When Kevin thinks about his future, he thinks about how nice it will be when he's able to afford a place for his mom and siblings to live on their own.
Kevin relishes the time he can spend at home, but often he's hours away at Chico State, more than halfway through his sophomore year studying nursing.
"I'm just really excited to start my career just so I can help my family out," the 20-year-old said.
Kevin is part of a small but resilient community. Low-income residents who live in Pleasanton often do so to keep their kids in the high-achieving Pleasanton Unified School District. Kevin and others in this article asked that their last names not be used to protect their parents who are undocumented immigrants.
To make ends meet, many rent out rooms in their small apartments, work multiple part-time jobs and accept donated food and clothing when possible.
The sacrifice isn't just for the pleasure of living in a safe, bustling suburb. It's for the moment when their children walk across that high school graduation stage.
Thinking back on that day, Kevin's mom Erica remembered the elation that filled her heart as tears streamed down her cheeks.
"It's like my graduation, too," she said. "I'm screaming like crazy. I cried and my kids clapped. My friend said, 'I've never seen anyone so happy.'"
For Angelica, an Amador Valley High alumna who attends San Francisco State, college was always part of the plan. Her parents didn't have much, but they gave her a certain set of expectations -- and the schooling to get there.
"I never doubted, 'Oh, maybe I'm not going to college,'" she said. "The conversation when I was a child was, 'You're going to college.'"
The oldest son
Kevin sees potential in his younger siblings, and he won't accept any less than a college education for them.
"It's the only way out, really," he said. "My mom wouldn't be really happy with anything else."
The family gathered in their Pleasanton apartment for Christmas, and after days of his siblings asking when he'd be home, Kevin walked through the door. As important as his studies are, he said these are the moments he cherishes.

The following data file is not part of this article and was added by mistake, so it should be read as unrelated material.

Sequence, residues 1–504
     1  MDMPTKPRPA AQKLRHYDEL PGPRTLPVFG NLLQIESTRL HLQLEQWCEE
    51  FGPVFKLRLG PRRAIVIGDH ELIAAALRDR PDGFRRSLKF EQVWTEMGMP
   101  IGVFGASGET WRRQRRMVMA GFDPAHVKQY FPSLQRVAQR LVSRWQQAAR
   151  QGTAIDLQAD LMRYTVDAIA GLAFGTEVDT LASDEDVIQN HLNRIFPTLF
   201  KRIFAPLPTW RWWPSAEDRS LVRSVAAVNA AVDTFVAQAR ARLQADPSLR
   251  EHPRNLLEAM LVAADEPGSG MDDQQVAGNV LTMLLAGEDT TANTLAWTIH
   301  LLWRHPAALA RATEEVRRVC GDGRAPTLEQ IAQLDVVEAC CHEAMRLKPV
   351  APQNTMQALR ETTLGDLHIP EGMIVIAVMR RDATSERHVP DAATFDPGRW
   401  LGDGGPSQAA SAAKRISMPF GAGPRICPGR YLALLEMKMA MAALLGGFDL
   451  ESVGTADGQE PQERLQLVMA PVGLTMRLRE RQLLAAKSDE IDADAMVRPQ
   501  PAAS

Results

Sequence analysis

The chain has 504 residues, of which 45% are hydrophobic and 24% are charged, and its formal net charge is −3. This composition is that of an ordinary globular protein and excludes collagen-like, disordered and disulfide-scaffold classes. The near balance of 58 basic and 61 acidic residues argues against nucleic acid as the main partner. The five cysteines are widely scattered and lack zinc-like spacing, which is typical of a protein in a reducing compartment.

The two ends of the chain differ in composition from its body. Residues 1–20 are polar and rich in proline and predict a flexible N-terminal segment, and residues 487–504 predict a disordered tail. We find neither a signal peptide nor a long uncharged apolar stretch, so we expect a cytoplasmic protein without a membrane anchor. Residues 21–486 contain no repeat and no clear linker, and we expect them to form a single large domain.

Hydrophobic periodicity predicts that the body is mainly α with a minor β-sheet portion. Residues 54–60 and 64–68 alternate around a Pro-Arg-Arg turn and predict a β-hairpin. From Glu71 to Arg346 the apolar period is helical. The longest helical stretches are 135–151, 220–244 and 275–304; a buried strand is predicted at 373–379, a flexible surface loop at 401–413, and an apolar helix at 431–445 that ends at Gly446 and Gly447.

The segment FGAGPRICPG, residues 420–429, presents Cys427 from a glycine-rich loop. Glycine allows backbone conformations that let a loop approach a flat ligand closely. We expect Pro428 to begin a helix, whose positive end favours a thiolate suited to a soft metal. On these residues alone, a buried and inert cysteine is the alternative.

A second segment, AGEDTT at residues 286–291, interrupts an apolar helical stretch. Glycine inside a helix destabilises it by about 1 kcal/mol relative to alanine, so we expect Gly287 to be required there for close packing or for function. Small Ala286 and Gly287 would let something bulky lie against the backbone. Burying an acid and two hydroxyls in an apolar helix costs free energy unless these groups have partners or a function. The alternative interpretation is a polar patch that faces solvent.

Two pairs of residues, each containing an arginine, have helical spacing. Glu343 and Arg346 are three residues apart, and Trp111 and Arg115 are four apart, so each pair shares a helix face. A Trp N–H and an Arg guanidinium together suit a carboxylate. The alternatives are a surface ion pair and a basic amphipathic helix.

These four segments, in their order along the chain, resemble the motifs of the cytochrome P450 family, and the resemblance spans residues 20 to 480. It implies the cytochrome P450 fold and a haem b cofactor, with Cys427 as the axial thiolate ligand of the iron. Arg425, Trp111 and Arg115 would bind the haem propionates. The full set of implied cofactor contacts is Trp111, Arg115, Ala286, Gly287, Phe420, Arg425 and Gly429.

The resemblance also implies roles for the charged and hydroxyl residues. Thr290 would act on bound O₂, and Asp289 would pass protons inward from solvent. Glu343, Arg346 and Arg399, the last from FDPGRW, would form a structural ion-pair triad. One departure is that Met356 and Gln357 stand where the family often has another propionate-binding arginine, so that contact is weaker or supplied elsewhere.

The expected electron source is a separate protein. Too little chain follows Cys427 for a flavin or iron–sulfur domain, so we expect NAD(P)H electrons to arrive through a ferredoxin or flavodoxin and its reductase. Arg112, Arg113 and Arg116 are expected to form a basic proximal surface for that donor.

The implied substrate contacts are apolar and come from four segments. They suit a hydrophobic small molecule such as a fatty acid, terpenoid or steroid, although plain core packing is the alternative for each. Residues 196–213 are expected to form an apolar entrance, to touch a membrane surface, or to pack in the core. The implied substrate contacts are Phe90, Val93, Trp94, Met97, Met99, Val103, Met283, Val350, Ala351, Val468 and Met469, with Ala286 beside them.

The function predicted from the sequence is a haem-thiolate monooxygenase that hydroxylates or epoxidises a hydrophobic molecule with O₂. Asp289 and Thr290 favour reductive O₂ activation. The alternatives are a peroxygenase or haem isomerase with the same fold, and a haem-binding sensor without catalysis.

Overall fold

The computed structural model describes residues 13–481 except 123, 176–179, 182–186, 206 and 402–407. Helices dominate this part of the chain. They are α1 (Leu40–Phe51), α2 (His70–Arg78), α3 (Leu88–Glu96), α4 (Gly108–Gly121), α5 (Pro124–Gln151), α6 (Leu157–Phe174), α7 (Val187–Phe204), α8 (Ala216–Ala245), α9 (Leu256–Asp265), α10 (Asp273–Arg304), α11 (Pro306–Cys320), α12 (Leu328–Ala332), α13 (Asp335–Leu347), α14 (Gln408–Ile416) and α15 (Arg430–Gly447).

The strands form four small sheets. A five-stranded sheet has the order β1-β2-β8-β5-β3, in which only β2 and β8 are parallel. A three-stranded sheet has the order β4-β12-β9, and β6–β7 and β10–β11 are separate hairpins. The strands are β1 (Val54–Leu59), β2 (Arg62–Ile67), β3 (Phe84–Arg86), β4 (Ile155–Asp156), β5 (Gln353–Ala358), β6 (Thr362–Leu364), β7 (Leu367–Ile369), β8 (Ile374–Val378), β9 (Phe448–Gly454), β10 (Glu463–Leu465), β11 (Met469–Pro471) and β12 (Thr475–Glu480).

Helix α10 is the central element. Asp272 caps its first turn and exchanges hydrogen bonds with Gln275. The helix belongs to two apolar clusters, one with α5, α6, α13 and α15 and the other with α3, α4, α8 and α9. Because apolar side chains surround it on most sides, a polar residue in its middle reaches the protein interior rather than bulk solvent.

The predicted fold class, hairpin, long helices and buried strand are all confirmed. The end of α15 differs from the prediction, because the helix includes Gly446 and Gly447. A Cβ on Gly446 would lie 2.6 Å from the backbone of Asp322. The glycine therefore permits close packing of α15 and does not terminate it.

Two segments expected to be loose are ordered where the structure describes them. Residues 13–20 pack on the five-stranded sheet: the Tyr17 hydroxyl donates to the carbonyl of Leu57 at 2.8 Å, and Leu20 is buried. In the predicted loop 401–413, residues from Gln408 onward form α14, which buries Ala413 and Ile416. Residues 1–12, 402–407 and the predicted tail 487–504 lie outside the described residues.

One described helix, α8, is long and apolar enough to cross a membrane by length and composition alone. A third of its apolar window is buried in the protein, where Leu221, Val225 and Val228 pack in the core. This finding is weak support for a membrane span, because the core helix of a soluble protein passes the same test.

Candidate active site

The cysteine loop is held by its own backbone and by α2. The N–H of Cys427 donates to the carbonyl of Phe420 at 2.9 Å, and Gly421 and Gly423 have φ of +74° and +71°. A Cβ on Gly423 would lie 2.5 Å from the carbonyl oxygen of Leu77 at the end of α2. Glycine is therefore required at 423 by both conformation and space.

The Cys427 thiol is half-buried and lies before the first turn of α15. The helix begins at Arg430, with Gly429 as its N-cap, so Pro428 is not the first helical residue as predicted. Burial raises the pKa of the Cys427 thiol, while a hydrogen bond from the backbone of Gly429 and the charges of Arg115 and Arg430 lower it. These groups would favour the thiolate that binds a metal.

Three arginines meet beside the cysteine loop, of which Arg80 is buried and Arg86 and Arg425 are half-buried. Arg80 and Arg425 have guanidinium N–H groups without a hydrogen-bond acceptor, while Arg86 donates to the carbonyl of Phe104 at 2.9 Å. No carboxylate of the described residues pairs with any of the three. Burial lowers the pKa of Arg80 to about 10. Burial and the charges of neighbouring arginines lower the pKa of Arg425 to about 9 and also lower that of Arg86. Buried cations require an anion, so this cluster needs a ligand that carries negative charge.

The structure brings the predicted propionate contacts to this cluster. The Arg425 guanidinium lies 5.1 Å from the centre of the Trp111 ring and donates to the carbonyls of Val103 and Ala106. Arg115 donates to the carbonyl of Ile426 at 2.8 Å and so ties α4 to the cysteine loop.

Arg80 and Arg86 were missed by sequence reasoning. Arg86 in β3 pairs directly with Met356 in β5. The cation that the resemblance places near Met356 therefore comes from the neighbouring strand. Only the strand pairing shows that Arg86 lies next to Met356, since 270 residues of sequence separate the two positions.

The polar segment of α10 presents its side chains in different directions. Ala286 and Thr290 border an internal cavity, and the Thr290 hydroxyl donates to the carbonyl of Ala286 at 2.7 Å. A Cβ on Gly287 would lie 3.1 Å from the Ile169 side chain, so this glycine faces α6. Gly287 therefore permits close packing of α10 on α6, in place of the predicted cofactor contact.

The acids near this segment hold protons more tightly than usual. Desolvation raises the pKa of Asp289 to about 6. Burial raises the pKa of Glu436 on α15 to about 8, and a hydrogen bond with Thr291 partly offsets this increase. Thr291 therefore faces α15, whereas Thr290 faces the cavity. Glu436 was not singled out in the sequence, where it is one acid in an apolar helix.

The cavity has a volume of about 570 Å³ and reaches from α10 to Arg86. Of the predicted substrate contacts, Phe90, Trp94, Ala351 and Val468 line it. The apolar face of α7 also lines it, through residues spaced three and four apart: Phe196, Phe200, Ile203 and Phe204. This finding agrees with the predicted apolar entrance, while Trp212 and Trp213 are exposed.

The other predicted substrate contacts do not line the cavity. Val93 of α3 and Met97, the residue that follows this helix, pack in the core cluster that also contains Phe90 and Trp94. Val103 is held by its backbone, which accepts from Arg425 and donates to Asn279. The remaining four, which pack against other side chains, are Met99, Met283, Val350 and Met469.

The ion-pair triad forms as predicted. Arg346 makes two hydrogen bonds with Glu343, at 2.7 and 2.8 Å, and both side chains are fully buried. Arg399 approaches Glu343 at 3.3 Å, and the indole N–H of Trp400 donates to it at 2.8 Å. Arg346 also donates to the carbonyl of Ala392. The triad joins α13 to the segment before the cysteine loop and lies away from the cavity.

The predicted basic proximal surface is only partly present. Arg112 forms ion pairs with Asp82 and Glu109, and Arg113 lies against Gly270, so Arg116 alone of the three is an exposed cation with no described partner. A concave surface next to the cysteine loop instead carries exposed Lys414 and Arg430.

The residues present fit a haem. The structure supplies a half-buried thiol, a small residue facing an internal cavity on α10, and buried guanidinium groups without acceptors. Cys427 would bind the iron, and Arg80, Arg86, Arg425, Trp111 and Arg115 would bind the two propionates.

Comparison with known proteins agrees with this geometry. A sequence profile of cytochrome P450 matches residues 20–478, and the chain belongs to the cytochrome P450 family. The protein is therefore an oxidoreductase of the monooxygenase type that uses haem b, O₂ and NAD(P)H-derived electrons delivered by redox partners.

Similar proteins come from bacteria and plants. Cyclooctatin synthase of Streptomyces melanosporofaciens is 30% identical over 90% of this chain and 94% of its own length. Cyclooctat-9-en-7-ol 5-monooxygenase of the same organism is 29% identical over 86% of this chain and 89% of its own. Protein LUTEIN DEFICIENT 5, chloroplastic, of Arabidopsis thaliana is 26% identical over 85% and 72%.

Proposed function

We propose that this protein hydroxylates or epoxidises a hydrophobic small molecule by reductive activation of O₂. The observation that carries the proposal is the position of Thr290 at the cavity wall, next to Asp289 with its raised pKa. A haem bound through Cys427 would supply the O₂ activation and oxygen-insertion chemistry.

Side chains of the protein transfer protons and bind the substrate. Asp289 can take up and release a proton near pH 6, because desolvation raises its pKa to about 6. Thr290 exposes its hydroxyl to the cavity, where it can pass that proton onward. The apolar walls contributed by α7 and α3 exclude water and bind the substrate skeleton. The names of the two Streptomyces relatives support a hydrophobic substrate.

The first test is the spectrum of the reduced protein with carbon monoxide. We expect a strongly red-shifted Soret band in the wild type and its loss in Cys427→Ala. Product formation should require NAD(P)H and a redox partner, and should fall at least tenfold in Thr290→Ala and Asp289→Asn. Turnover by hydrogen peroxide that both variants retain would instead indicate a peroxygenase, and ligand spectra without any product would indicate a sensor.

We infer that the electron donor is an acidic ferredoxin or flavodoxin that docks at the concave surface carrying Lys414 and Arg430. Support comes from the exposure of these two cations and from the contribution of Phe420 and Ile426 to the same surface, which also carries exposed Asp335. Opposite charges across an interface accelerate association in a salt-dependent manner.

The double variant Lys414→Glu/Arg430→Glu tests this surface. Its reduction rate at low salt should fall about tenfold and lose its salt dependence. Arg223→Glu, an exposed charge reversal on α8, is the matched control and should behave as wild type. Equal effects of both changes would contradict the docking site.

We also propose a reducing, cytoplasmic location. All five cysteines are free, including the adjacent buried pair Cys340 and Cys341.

He told them about college life, preparing them for the days when they'll be scouring university pamphlets. His long-term plan is pediatric nursing. He said it would be a joy to help a bright young kid get well to live out their full potential.
At first, growing up in the Pleasanton school system as a low-income student was tough. He couldn't afford the gadgets that were prerequisites for "coolness," and he brought his mom home food from the cafeteria on days when the monthly budget didn't stretch far enough.
"We grew up super close. We went through some struggles, but you just kind of get over it," he said. "She's crazy hardworking. She's like the hardest working person I've ever met."
But life improved, and Kevin said he found friends who didn't care about the type of shoes he wore or what was in his mom's bank account. They cared more about what was in his head and heart.
He joined the wrestling team at Foothill High and earned a small pile of medals. His teachers pushed him when he needed a nudge and supported him when he stumbled. He learned how to expect success from himself. Now at Chico State, he knows he can meet the mandatory 3.5 GPA for his scholarships.
"I'm very capable of that, even higher," he said.
He knows his siblings are capable, too. His brother, Angel, is in middle school but wants to be a businessman, a Realtor or an entrepreneur. Their sister Maria wants to be a doctor, Erica said. Their 5-year-old brother wants to be a mariachi singer or a baseball player.
Angel said he's considering joining his school's robotics club next year, and a wide smile crosses his face when he talks about the science labs he's working on in class.
"I think I set a good example for them," Kevin said.
Just like her
Angelica, 19, grew up on a quiet Pleasanton street in a home next to a park. She thought everyone lived in places where they could run to a swing set and fly as high as possible, where gravity was the only limit.
She didn't feel the weight of her parents' economic status until she began to ease into adolescence. She saw her dad work grueling hours and her mom brought in meager pay as a babysitter for other Hispanic working families.
"He goes out early, comes home later at night. He really only had Sunday off, so that was our family day," she said of her dad, who works in maintenance and landscaping. "Honestly, they always say, 'I don't want you to end up like me,' struggling, working all the time, not making enough money, having to work days that should be spent with family."